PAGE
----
World Elephant Day: EU urged to back total ban on ivory trade

Written by Martin Banks on 12 August 2016 in News
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The EU has been accused of putting elephants in a "precarious situation" and has been urged to back proposals for a total ban on ivory trade.

Elephants. Photo credit: International Fund for Animal Welfare


The demand by Humane Society International (HIS) comes on Friday, which has been designated "World Elephant Day."

To mark the occasion, HIS, a leading animal charity, asked, “How many more such days are left before these magnificent animals are extinct in the wild unless the global poaching crisis is brought under control?”

HIS says elephants face a major poaching crisis but, in the midst of the "crisis", three southern African countries - South Africa, Zimbabwe and Namibia - are proposing to open up legal trade in ivory.


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The three countries' proposals will go to the upcoming Convention on International Trade in Endangered Species of Wild Fauna and Flora which meets from 24 September- 5 October.

Their proposals, say HIS, seek to legalise the international commercial trade in ivory, “disregard” the precarious survival of the African elephant and "undermine" the global effort to combat wildlife crime and reduce demand for ivory.

The plans by the three African states are opposed by a 29 country-strong African Elephant Coalition (AEC), which represents 70 per cent of the African elephant range States, who are advocating for the highest level of protection possible for elephants.

AEC has put forward a suite of five proposals with the aim of halting the commercial trade of all African elephant ivory and limiting the trade in live African elephant to for in situ conservation programs.

A HIS spokesperson said, “History shows that legalising ivory trade would risk a runaway expansion of the ivory trade and incentivise poaching and trafficking. CITES authorised two, one-off ivory stockpile sales in 1999 (to Japan) and 2008 (to Japan and China), which had disastrous consequences for elephants.

“The 2008 one-off sales had a direct impact on the supply of illegal ivory and induced ivory trafficking, with a 66 per cent increase in illegal ivory production and 71 per cent increase in seizures of smuggled ivory.”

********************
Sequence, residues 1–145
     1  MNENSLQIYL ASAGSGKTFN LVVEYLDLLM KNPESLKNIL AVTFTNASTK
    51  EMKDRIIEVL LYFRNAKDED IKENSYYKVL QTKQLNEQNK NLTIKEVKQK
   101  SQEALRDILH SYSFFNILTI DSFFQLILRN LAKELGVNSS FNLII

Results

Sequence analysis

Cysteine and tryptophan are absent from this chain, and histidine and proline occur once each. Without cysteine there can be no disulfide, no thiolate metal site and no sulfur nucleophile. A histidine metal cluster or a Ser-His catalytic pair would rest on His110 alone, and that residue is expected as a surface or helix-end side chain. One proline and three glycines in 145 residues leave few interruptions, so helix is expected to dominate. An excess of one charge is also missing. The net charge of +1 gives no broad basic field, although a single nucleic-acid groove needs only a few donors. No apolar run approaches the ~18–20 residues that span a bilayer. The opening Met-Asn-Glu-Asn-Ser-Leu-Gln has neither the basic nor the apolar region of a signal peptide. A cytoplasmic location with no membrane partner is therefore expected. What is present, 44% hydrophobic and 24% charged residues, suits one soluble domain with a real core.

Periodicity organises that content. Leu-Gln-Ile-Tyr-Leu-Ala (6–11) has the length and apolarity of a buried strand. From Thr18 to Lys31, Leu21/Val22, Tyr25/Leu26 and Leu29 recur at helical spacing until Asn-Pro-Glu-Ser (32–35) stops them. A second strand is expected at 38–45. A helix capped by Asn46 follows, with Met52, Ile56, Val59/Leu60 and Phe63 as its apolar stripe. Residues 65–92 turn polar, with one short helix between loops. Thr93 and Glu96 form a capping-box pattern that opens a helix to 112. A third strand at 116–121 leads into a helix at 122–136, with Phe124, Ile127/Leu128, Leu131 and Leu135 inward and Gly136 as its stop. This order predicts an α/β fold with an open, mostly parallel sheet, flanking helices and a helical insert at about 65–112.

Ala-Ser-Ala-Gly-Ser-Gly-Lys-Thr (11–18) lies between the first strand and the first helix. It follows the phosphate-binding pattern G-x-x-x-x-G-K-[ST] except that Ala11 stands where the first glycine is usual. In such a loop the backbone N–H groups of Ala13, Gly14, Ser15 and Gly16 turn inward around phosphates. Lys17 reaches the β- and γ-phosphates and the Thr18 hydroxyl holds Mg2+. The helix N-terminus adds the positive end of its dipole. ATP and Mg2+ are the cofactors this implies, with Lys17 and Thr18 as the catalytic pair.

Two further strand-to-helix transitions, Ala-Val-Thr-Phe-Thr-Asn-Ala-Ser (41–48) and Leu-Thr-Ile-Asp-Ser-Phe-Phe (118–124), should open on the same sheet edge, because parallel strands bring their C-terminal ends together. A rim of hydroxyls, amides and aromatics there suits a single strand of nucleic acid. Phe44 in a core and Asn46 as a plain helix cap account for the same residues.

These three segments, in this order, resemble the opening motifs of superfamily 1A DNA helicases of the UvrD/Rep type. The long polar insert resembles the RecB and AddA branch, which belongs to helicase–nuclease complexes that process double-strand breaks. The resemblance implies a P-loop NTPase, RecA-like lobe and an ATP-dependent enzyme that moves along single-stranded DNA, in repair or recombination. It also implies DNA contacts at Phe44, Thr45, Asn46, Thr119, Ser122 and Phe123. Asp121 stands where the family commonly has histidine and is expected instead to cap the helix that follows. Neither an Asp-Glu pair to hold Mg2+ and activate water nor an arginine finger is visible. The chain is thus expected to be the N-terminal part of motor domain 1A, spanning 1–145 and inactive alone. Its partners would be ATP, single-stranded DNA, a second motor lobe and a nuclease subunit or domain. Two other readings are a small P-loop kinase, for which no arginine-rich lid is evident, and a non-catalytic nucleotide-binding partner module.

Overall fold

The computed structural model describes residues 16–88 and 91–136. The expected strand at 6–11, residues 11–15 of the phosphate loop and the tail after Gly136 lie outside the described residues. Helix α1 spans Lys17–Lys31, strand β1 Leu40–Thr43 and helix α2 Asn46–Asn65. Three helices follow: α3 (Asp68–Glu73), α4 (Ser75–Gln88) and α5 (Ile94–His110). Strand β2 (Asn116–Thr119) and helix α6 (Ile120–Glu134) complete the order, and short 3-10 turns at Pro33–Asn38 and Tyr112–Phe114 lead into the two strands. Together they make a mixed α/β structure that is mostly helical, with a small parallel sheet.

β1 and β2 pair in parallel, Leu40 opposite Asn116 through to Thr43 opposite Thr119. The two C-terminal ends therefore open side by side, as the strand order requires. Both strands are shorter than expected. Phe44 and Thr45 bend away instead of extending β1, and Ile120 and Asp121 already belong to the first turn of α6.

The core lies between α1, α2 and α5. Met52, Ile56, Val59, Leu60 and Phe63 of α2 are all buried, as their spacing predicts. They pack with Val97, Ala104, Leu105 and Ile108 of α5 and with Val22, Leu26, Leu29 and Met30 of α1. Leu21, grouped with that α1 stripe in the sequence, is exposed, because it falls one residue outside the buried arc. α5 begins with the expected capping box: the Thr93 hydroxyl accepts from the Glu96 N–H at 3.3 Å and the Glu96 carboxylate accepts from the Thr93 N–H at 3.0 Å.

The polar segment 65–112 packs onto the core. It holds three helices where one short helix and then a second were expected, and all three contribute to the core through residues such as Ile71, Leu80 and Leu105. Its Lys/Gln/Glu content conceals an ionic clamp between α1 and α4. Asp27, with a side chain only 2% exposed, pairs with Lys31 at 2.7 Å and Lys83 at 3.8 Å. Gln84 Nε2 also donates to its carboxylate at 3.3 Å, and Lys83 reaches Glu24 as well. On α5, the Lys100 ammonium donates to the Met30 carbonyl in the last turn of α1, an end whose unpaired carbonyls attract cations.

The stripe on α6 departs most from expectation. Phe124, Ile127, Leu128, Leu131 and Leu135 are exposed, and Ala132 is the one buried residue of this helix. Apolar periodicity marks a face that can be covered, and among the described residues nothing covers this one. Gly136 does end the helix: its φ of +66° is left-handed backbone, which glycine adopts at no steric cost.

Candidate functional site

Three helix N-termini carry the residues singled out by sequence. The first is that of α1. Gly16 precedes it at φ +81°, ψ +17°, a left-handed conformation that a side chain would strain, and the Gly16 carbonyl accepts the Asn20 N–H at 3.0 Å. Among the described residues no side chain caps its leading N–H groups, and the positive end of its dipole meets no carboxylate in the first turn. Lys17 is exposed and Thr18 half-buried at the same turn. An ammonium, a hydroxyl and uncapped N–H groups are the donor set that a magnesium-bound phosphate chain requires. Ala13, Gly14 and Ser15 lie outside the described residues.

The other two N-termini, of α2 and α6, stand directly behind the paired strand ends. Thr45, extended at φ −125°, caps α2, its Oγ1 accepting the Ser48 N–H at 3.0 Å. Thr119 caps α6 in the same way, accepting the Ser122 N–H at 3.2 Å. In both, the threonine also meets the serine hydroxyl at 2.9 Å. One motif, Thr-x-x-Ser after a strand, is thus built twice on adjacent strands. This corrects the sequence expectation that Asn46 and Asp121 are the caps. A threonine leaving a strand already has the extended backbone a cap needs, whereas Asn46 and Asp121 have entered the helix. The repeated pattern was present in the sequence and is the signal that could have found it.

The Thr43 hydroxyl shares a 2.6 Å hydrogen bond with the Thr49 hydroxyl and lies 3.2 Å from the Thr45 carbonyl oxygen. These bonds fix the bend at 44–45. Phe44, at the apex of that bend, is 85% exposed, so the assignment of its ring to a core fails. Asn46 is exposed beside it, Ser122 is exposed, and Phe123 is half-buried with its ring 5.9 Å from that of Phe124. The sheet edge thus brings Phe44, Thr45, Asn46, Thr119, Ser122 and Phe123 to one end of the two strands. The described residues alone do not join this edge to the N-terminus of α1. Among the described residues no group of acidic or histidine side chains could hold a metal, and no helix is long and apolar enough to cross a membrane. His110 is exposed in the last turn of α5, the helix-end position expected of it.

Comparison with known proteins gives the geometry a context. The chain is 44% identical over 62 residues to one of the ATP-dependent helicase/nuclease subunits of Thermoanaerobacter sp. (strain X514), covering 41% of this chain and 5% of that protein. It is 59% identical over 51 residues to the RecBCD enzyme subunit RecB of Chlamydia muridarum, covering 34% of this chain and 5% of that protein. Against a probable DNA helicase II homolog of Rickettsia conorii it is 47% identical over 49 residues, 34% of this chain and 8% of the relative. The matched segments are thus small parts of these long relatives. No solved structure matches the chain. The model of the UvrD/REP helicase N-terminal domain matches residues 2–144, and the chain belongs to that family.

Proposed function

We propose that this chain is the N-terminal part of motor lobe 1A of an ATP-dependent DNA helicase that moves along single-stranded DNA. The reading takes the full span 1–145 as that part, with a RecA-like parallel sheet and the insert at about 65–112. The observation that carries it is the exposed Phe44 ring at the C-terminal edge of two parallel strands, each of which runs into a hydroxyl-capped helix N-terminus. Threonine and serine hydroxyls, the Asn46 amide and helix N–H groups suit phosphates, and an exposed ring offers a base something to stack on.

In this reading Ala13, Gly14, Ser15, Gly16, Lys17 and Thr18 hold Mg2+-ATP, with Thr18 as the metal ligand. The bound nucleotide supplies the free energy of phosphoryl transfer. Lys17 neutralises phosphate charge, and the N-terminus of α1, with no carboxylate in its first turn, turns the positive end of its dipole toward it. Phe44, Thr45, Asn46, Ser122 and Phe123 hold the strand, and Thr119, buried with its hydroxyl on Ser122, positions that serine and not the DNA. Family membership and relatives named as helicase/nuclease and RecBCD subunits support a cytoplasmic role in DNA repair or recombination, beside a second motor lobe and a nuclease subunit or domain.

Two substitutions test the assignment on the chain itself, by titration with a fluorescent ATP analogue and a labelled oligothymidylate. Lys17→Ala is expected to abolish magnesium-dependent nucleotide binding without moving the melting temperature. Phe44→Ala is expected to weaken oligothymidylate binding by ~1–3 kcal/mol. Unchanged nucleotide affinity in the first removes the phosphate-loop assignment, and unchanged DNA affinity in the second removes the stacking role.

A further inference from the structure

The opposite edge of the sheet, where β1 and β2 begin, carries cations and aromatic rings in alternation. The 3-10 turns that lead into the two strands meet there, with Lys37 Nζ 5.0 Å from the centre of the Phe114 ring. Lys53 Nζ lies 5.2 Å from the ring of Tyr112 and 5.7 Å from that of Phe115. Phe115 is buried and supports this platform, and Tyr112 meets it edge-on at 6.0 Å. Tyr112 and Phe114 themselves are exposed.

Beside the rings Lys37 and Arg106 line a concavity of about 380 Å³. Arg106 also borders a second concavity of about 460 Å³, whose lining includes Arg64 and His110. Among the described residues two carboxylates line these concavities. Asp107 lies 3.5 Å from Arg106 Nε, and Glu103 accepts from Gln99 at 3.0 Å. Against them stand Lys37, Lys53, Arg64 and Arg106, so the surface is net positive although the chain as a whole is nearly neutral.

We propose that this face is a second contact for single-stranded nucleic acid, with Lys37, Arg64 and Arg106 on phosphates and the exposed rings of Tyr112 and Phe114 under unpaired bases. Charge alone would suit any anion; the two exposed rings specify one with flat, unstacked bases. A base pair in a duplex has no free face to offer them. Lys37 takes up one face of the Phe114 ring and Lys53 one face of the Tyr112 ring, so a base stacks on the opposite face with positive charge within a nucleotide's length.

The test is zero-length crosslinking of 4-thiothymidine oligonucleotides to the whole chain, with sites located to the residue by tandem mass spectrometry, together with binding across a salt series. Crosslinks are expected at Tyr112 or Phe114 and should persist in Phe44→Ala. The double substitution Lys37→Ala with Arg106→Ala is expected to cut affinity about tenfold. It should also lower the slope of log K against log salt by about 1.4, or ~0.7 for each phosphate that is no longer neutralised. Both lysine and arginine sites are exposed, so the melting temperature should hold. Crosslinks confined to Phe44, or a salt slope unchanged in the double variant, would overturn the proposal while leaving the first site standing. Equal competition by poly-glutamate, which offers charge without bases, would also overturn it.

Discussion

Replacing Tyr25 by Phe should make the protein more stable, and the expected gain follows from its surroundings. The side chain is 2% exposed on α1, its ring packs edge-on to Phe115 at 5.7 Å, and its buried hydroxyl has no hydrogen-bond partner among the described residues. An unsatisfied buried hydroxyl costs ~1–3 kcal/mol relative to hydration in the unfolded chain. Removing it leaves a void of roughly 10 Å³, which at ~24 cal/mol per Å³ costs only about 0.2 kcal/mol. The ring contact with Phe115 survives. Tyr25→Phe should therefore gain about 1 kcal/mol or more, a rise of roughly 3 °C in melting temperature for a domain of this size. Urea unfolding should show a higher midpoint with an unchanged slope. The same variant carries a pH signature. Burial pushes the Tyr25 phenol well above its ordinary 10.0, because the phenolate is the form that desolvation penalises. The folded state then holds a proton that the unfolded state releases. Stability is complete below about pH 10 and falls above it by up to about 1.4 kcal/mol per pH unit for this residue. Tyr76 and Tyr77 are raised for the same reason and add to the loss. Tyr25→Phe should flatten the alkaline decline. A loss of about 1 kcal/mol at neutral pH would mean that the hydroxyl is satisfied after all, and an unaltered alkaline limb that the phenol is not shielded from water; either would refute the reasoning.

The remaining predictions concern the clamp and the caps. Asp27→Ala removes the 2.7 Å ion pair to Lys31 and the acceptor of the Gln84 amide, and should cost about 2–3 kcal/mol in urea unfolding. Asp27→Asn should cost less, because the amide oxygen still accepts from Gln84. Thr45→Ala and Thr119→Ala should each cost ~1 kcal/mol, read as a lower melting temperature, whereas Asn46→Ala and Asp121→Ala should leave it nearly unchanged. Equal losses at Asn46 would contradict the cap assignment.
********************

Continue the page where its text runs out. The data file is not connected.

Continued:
Currently, the elephant populations in Zimbabwe, South Africa, Namibia and Botswana are on what is called “Appendix II” listing, while the populations in the rest of the African continent are on “Appendix I.”

The “Appendix II” list includes an annotation that imposes a temporary moratorium on submission of proposals to open the ivory trade, but that moratorium expires in November 2017.

HIS says that transferring the “Appendix II” elephant populations to “Appendix I” would give “unified protections” to all populations and also accurately reflect the science that elephants are migratory, transboundary species.

The spokesman said, “For instance, 60 per cent of Namibia’s elephants are in the north eastern part of the country where elephants move freely between Namibia, Botswana, Angola and Zambia with the latter two on Appendix I listing.

“A split-listing also sends the wrong message that African elephants are not under threat when in fact, elephant poaching is on the rise in the Appendix II-listed countries.”

In a recent position paper, the European Commission stated its opposition to the African Elephant Coalition’s proposals to afford “Appendix 1” protection.

The EU is now accused of opposing a comprehensive global ban in the trade in illegal ivory.

The HIS spokesperson said, “Unbelievably, the EU argued that the elephant populations of Namibia, Botswana, Angola and Zambia don’t meet the criteria for transfer to Appendix I, and closing domestic ivory markets is unjustified.”

Further comment came from Wendy Higgins, of Humane Society International/UK, who said: “Right now, the EU’s position puts elephants in an even more precarious situation. If the EU’s position doesn’t change, it could be a death sentence for elephants.”

Higgins added, “The vast majority of the African elephant’s range states want to see these animals given the highest level of protection, and it is astonishing that the EU is standing in the way of that at this moment.”

She added, “The EU holds the key to the future survival of these elephants, so we hope that as discussions continue, it reaches a common position that better reflects their urgent need for protection.

“This World Elephant Day we need to ask ourselves, how many more such days are left before these magnificent animals are extinct in the wild unless the global poaching crisis is brought under control by CITES and world governments?”

 

 

About the author

Martin Banks is a senior reporter for the Parliament Magazine

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